The United Kennel Club (UKC) is the second oldest all-breed registry of purebred dogs in the USA and the second largest in the world. The club records around 250,000 registrations annually. (Compare this with the American Kennel Club which registered just over 900,000 dogs in 2003.)
The UKC was founded by Chauncey Z. Bennett in 1898. The UKC states that Bennett formed the club in order to provide a registry for working dogs as opposed to the AKCs emphasis on dog conformation. Detractors claim that the club was originally formed so that the founder could register his American Pit Bull Terrier, Bennetts Ring.
Bennett conceived and promoted the concept of the “total” dog, that is, a dog that performs as well as it looks; in which intelligence and working ability was as important as conformation to the show bench standard. Whatever the true impetus behind the founding of the UKC, Bennett found a marketing niche among the owners of herding and hunting dogs. The UKC was innovative in the establishment of competitions and the use of DNA testing to establish parentage. Later, the club expanded into other areas, including dog sports and more recently conformation, and today sponsors a variety of conformation, obedience, hunting, and agility shows and trials. The UKC has proved a significant enough challenge to market share that the AKC has expanded into other areas of dog fancy as well.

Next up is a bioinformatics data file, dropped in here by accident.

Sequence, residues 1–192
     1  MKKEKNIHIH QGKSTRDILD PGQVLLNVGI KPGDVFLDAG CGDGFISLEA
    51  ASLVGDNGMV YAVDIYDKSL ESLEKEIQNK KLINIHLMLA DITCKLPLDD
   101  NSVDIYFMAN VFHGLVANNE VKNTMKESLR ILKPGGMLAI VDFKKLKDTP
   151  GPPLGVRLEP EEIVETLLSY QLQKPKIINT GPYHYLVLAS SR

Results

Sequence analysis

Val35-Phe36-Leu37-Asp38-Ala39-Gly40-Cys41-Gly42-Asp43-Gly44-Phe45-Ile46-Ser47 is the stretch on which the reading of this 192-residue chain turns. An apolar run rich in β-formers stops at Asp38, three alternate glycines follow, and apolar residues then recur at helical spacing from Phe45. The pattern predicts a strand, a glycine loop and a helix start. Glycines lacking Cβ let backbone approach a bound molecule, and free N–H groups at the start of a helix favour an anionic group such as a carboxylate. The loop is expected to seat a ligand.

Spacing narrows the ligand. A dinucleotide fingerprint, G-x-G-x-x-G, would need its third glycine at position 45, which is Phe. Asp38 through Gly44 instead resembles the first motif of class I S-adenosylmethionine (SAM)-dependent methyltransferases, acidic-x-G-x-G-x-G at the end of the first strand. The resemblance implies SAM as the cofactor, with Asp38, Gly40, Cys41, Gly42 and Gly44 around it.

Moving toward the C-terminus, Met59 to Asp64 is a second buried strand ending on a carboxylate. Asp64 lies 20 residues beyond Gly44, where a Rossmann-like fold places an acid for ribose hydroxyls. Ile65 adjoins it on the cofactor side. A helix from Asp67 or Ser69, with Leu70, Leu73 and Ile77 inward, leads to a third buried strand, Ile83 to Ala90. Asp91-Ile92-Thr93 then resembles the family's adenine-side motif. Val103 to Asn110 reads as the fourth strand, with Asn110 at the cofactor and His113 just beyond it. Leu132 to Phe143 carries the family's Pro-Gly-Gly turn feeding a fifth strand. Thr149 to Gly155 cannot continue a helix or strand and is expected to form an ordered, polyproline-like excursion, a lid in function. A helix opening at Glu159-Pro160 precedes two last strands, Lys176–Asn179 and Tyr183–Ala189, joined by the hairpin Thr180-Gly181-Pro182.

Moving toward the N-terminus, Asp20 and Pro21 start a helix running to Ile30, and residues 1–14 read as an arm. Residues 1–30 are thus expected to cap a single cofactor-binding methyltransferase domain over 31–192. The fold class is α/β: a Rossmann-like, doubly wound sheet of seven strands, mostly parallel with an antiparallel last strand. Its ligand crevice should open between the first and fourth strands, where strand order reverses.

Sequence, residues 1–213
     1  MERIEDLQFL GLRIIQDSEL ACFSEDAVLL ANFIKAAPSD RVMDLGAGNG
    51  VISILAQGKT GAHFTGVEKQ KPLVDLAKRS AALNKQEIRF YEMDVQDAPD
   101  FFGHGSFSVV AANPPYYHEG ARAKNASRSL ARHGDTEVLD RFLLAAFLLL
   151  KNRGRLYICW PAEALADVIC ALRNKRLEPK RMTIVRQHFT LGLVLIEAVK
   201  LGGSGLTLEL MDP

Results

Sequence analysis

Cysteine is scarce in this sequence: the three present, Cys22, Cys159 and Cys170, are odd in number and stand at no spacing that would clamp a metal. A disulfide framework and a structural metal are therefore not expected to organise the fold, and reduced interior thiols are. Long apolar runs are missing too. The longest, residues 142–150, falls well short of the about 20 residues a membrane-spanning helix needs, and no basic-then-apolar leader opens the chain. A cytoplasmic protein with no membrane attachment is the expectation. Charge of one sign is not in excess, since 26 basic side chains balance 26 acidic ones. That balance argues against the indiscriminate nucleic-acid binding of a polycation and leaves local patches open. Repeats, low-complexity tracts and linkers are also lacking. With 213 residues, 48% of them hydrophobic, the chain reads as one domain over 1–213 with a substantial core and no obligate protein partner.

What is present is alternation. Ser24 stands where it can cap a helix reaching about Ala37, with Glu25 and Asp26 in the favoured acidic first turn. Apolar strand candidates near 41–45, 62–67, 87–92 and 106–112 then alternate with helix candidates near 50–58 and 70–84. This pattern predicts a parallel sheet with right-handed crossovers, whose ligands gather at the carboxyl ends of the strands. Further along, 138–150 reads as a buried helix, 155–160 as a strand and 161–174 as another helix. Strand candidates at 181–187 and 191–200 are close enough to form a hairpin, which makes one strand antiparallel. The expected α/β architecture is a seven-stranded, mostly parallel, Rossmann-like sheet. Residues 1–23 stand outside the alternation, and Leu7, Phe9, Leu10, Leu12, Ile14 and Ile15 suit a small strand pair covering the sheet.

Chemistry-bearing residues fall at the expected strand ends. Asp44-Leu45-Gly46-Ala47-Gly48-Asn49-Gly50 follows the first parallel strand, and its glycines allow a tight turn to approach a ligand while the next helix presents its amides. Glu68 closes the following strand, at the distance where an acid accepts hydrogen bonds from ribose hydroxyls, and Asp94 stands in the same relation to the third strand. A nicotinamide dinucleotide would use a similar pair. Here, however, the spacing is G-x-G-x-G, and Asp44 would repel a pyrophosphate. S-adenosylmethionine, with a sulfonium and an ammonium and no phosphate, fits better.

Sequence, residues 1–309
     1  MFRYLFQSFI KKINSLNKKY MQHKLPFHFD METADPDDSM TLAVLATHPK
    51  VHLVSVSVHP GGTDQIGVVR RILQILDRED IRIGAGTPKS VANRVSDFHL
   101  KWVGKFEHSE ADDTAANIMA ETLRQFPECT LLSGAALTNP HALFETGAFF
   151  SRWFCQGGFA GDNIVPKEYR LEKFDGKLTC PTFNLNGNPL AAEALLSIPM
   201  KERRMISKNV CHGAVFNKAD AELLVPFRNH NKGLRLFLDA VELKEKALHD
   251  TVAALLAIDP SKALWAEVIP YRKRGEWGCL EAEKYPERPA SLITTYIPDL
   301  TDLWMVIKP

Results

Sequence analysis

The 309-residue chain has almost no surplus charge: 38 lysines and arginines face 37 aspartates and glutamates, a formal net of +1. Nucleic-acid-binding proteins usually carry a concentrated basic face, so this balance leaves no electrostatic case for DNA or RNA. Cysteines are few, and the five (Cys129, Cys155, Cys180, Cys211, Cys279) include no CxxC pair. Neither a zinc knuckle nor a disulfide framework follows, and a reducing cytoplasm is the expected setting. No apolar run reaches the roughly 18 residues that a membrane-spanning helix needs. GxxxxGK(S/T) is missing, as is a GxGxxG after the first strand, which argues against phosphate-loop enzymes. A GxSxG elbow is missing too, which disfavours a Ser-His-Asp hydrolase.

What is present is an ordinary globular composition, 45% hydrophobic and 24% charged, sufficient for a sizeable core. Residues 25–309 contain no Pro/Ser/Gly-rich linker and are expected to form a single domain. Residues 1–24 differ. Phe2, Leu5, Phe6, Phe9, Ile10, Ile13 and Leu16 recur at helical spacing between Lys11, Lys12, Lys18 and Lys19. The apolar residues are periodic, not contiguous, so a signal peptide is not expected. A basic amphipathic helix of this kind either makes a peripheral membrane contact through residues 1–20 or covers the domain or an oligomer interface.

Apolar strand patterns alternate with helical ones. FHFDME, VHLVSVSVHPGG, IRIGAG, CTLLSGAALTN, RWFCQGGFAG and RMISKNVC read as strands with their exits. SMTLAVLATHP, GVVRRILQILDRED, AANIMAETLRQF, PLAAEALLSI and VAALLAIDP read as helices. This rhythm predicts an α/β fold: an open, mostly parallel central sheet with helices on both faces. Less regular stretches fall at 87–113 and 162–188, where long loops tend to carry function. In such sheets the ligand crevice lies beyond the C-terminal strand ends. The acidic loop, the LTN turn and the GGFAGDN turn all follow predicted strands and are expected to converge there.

The current president of the UKC, Wayne Cavanaugh, is a former Vice President of AKC. In a 2000 interview with BJ Andrews for thedogplace.com, Cavanaugh defined the UKC as “a performance dog registry” and advocated cooperation rather than competition between the two clubs.
There are three ways to register a dog with the UKC:
Single Registration is for dogs whose parents are not UKC registered, but are registered by another approved entity.
Limited Privilege allows purebred dogs of unknown pedigree, and mixed breed dogs, to participate in obedience and agility.
Litter Registration is for puppies whose parents are both UKC registered dogs.